As you can see, building a wall system to fight moisture intrusion is much like building a team. There is no one product that will save the day. Numerous products need to be put in the wall together and tested to make sure they will perform as intended (see Fig. 15). As a manufacturer of moisture protection products, it amazes me to see time and time again products with a limited life expectancy put in a wall and expected to perform at the highest level for an extended period of time. Think back to the beginning analogy. Bill Belichick is the exception, not the rule.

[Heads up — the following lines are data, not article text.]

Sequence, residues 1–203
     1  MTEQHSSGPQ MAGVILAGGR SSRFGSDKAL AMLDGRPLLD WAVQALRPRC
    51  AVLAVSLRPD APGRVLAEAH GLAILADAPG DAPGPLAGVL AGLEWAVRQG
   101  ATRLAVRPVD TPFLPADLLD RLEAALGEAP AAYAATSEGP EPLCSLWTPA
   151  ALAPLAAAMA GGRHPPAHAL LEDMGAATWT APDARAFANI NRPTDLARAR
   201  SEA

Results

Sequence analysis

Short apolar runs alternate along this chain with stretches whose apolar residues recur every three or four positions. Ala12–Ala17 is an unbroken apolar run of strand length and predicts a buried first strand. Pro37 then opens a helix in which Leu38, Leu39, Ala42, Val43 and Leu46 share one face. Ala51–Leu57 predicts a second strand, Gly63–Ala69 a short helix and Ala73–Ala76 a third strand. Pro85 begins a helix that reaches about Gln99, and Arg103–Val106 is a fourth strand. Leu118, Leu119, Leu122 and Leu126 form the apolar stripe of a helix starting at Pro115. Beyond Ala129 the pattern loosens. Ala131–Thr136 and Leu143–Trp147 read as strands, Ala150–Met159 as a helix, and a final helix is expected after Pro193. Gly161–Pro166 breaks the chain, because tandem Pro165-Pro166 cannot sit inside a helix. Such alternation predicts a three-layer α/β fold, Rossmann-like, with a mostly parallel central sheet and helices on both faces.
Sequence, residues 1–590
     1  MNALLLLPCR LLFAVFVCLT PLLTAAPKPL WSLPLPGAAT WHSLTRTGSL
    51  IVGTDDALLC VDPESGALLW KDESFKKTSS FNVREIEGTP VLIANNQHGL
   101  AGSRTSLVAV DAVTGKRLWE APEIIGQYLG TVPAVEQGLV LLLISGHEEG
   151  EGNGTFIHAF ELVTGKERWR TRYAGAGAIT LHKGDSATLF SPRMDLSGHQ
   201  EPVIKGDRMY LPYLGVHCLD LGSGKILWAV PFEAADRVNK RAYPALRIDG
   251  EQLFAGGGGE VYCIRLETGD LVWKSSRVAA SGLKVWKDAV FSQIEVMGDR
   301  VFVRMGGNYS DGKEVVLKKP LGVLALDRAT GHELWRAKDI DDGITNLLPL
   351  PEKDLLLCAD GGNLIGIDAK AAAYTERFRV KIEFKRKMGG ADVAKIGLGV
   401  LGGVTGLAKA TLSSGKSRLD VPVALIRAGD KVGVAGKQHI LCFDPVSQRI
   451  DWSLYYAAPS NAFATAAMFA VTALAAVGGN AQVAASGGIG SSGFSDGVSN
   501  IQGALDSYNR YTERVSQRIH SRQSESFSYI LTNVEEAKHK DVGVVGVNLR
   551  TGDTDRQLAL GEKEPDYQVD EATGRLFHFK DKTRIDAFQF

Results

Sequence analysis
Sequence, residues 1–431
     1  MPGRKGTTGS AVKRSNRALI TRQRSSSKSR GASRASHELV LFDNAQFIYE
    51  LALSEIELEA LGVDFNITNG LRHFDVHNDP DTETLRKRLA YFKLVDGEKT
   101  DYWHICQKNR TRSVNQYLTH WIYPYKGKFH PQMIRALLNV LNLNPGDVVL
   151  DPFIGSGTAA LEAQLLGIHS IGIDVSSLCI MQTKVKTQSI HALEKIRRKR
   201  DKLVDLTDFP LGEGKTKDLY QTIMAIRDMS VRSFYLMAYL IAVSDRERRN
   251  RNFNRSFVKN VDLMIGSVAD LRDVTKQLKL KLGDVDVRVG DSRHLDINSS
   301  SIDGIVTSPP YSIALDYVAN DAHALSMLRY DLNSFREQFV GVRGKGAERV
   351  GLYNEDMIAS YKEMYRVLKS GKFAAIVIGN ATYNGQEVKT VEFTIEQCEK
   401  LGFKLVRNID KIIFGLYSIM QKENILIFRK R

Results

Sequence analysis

Keith Lolley is a graduate of Southern New Hampshire University with a bachelor’s degree in business management. He has been involved in the construction industry for 18 years and is the vice president of Advanced Building Products while currently holding a seat on the board of directors for the Building Enclosure Moisture Management Institute (BEMMI). Lolley can be reached at klolley@abp-1.com.